Chapter 6. Shine the Light: Using the ICE Framework in Sociology Courses to See the “Big Picture”

6.1 Instructional Context

Mavis Morton – University of Guelph

Have you ever had students struggle with why they are being asked to engage in class activities and assessments? I certainly have! To address this, I use the ICE framework to help students take a step back and get a closer look at the purpose of the course, providing a clearer picture of the reasons that students are being asked to engage with activities and assessments in the first place. More broadly in my teaching across all student levels, I apply ICE in two ways: (1) as a conceptual framework to help make visible the connection between course learning outcomes, teaching and learning activities, and assessment, and, (2) in combination with other pedagogical approaches that help students learn how to critically and accurately read, communicate, and apply academic literature to real-world social problems.

I first heard about the ICE framework in 2014 from my sociology colleague who was introduced to it by one of the educational developers at our institution’s teaching and learning centre. I appreciate the adaptability of ICE and I use it in all the courses I teach. Currently, I use the ICE framework in fourth-year sociology seminar courses as well as in first-year level and graduate-level courses that are open to students from departments outside of sociology. The fourth-year sociology courses are upper-year elective courses that help to fulfill the requirements toward a major in Sociology and/or a joint Criminal Justice and Public Policy (CJPP) honours program. These courses are capped at 30 students; the courses are always full and usually have a waiting list. They offer upper-year students a seminar-style experience that they may not have had until they reach their senior year. The seminars examine contemporary topics related to the specific course and include three hours in class each week with high participation expectations in addition to pre-work that includes reading academic journal articles before each class, as well as individual and group work in and outside of class that are associated with assignments. The following discussion is based on my experience using the ICE framework with these fourth-year sociology courses.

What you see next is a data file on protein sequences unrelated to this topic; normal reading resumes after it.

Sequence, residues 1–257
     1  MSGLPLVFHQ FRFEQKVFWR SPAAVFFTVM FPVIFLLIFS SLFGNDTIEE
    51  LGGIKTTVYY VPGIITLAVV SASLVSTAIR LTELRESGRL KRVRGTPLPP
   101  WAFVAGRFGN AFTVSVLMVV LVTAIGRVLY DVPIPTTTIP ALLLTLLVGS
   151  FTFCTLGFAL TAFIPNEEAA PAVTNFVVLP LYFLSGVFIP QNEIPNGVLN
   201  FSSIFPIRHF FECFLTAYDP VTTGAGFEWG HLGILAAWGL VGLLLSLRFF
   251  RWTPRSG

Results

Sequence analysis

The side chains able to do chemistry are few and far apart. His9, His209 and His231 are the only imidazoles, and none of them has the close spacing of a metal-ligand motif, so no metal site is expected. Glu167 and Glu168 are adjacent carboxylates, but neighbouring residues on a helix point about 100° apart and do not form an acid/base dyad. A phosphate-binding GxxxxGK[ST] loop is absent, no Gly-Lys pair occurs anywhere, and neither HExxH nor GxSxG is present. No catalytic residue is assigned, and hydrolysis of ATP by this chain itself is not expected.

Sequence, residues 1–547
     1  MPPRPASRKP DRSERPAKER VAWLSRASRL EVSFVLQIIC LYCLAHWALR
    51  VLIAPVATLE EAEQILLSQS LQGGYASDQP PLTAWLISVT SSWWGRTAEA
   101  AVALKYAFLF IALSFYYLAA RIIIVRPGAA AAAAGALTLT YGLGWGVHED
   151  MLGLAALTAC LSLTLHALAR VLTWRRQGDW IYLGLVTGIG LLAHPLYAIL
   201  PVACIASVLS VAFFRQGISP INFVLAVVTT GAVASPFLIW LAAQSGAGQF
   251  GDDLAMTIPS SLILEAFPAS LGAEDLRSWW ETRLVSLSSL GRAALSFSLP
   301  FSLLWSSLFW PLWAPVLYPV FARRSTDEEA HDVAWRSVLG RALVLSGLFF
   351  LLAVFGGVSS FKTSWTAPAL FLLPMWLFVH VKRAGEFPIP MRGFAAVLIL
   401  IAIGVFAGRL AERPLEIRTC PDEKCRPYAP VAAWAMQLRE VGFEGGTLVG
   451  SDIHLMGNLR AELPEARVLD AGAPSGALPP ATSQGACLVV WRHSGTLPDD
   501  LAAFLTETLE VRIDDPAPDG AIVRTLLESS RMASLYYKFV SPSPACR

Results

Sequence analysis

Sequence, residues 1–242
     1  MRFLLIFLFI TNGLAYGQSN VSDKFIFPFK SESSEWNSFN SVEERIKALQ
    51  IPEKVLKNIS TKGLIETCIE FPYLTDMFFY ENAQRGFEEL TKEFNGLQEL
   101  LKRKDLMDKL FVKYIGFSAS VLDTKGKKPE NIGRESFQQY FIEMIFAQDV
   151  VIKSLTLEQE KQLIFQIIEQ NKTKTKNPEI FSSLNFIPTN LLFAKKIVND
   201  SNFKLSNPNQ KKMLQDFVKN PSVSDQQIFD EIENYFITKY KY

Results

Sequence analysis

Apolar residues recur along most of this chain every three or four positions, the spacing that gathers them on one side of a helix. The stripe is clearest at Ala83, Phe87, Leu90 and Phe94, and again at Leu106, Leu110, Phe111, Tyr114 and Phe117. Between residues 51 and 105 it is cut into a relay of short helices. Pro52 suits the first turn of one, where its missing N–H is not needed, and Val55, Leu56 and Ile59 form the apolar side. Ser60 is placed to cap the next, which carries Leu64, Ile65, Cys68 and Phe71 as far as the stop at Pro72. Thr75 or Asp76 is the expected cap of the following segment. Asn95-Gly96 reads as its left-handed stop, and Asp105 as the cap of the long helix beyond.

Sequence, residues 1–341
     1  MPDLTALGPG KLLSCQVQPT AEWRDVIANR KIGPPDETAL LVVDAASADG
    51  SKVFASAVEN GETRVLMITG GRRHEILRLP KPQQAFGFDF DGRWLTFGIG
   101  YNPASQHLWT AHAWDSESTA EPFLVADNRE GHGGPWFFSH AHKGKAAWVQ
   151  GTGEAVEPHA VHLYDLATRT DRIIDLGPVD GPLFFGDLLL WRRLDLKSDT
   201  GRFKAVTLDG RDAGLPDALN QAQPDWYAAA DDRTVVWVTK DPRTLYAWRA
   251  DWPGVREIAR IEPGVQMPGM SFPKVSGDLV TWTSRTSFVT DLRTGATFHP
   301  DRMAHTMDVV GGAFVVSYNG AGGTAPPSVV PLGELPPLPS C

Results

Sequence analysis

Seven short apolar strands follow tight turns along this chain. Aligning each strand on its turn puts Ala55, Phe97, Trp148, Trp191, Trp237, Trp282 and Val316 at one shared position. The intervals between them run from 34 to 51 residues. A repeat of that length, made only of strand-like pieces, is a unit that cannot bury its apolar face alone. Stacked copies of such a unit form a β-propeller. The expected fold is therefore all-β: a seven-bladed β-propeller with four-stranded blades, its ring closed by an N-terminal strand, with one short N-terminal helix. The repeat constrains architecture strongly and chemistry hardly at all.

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Teaching, Learning, and Assessment Across the Disciplines: ICE Stories Copyright © 2021 by Sue Fostaty Young, Meagan Troop, Jenn Stephenson, Kip Pegley, John Johnston, Mavis Morton, Christa Bracci, Anne O’Riordan, Val Michaelson, Kanonhsyonne Janice Hill, Shayna Watson is licensed under a Creative Commons Attribution-NonCommercial-NoDerivatives 4.0 International License, except where otherwise noted.

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